Like many retirees, I see myself rightsizing one more time. While I love living where I am, I see myself going smaller, flatter and easier. In a perfect world this is a small first floor condo or an apartment rental close to one or both of my offspring. In fact, I've looked at many patio homes-all of which seem to be pricier than a 3000 square foot home. There are a great many options out there for right sizing, or going single level, in my case.
One of those options would seem to be a Tiny House. As I think anyone who watches TV or reads the news can see, the Tiny house movement is flourishing. There must be at least five shows on TV about Tiny house building, decorating or purchasing. At first glance it might seem like many of the tiny house folks are young couples or early empty-nesters. The truth is, almost a full thirty percent of Tiny House owners are seniors.
I can see why. Depending on property laws and zoning guidelines, for some seniors this can be an alternate to the mother in law or grandma suite or room. A smaller tiny house can be an "in law apartment" in the back yard. For retirees with small homes but yard or driveway space, a smaller tiny home can be a studio, office or workspace, or even space for a live in caregiver. Tiny houses will fit many places, and there are other advantages. No mortgage is required, and tiny houses range from about 23 thousand dollars for a build your own unit, up to around forty thousand or so. In theory at least, with a large vehicle, changing locations is less of a big deal. Also in theory, I suppose, you could move and follow kids or grand kids or move someplace for half the year.
Other reasons for buying a tiny house in retirement can be having less stuff, lower utility bills and generally a much, much lower cost in terms of where you are with those major costs like home improvement and maintenance. Some people also buy a tiny house now to use later, and make money from the rent, increasing their bottom line.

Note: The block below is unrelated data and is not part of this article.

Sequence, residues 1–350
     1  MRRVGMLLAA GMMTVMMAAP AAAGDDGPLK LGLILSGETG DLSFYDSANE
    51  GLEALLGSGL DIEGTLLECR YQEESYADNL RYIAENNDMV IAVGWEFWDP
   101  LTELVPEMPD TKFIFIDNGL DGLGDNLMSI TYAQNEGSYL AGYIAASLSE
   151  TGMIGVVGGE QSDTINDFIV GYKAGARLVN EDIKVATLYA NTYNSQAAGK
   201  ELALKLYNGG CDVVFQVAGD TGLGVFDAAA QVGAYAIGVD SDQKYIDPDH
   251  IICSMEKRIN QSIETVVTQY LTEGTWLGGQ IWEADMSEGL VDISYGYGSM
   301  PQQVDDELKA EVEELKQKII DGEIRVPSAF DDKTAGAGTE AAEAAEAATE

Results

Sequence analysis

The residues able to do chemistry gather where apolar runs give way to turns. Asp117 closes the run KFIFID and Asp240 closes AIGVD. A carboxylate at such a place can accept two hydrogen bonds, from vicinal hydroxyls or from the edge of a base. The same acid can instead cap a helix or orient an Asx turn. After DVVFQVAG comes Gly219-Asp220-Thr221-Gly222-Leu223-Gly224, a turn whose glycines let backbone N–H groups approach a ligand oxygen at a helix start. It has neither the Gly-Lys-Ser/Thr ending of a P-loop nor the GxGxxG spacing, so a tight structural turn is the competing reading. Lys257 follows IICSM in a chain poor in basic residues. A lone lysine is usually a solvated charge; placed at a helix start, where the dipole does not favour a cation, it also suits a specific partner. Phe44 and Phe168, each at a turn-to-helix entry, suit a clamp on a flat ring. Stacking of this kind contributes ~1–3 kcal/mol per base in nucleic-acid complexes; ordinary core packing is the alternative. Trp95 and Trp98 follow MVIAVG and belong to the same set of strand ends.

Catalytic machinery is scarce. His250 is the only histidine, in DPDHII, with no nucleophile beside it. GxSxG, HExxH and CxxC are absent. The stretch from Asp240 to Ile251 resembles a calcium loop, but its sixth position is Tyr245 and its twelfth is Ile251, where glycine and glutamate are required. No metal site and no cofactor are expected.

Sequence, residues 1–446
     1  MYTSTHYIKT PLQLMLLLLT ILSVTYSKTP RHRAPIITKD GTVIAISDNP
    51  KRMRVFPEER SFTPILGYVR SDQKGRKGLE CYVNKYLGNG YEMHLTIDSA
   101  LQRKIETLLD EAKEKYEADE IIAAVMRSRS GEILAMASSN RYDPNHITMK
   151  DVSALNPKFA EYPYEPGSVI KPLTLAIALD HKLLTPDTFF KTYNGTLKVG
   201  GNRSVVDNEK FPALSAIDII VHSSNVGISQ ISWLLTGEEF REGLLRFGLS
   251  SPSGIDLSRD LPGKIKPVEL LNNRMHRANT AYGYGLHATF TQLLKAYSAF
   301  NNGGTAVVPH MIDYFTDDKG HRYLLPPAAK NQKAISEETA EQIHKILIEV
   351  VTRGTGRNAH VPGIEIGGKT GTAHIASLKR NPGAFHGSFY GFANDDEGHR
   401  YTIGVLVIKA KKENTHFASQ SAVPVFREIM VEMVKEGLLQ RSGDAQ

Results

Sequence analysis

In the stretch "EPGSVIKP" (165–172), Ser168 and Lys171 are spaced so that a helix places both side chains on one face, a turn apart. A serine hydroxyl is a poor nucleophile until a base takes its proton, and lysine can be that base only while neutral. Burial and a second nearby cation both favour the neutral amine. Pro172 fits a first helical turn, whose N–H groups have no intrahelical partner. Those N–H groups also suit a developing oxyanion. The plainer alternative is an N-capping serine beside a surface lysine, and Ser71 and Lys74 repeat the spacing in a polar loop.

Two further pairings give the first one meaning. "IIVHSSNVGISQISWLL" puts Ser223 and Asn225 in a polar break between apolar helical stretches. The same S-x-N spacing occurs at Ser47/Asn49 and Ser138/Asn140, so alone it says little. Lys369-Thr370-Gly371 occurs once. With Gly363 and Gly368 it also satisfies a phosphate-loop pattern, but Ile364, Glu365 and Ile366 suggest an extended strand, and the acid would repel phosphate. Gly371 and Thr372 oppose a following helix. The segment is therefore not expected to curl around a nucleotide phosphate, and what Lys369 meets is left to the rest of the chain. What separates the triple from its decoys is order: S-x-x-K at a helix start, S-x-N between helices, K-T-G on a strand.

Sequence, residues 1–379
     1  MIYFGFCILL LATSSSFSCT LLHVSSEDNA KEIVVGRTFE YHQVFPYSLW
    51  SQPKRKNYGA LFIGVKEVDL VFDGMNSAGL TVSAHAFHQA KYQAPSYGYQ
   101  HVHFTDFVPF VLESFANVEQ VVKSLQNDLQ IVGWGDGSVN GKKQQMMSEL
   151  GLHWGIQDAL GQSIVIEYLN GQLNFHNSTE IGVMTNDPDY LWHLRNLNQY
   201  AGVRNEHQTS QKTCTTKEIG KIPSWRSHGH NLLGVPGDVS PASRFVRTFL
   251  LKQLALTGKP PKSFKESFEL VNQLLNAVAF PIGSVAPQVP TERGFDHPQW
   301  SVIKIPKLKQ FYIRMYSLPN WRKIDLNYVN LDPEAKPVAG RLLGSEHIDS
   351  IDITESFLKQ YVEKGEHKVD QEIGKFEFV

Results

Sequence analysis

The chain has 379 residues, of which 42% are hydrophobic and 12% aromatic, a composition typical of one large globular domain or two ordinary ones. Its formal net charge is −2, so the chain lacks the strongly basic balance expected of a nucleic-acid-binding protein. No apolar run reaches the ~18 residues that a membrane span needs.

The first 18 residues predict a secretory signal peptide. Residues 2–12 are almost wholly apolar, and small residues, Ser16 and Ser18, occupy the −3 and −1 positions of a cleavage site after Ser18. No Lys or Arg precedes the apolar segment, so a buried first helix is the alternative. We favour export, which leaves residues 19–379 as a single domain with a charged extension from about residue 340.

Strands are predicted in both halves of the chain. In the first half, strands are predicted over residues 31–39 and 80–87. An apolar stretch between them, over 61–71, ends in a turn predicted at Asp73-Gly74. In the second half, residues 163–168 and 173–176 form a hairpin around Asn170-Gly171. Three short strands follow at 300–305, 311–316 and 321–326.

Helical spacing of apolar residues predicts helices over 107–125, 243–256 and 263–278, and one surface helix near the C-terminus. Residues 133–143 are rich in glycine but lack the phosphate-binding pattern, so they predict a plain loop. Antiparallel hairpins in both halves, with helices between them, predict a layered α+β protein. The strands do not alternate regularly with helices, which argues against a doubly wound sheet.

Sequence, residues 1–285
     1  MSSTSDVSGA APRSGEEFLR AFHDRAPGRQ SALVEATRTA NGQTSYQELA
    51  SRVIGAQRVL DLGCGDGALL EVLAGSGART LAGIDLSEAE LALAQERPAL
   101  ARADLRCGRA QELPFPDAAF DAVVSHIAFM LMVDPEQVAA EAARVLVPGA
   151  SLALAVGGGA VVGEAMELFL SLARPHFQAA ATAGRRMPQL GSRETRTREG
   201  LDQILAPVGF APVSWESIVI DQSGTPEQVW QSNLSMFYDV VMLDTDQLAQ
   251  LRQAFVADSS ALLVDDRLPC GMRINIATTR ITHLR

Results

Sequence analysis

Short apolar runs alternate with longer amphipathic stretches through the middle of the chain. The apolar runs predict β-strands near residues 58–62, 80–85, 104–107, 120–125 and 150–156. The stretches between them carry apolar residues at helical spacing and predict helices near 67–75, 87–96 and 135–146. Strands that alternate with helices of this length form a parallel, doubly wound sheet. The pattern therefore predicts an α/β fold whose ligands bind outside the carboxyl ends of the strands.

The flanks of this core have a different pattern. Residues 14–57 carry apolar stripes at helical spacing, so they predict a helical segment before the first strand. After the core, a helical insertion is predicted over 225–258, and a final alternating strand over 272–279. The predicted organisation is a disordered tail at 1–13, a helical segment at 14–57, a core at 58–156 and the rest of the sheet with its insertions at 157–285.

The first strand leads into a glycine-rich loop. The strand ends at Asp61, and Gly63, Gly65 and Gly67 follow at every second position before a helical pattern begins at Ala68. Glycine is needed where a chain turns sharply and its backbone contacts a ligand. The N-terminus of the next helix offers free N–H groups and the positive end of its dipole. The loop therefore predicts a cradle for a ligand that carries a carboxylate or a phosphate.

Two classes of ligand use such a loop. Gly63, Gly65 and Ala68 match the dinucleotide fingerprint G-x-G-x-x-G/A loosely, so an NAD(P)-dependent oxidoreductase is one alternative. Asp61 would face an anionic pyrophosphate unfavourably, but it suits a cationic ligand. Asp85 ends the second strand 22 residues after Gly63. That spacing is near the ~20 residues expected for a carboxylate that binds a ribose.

Tiny houses come in all types, from the basic to the boutique. My church is building a tiny house village for the homeless in our parking lot, with the most basic model possible, so that each house fits in the parking place assigned (and with shared shower, toilet and dining and social facilities). On the other hand, some tiny homes are fully appointed, if you will. And homes can range from just under 200 square feet up to 400 square feet and even more. The variety, style, decor and location can very widely. For every person and taste, I suppose there is a tiny home.
As the tiny house movement grows and we age, new uses and designs are popping up all the time for tinny homes. There are retirement villages that have tiny homes. A company has recently designed a MEDcottage for seniors who have limited mobility or need assistance or care. We are also seeing more one level tiny homes and other accessories that retirees consider an advantage.
Up to now I have not considered a tiny house. Most tiny houses with decent floor space seem to be lofts and that's not for me, for obvious reasons. I would need a single level shotgun style which would of course take up more space, I'd be looking at closer to 600 square feet. While I am not a hoarder, I have two hobbies which take up space by nature-I need a dedicated sewing space, for example. At least for now, my grown kids do not live in places where I could reside, meaning I would have to rent space or buy land-not somethi ng I want to do.
Don't get me wrong, I'm not ultimately opposed to a nice tiny house. But it would have to be set in place already, all on one level, with at least some grass and the ability to rent at least to start to see if it is really "for me". Downsizing is not in my immediate future, to say the least, so I have time to look, see and explore whether a tiny house would actually work for me-on any level at all.
What about you-where are you on small square footage living. Would a tiny house work for you?
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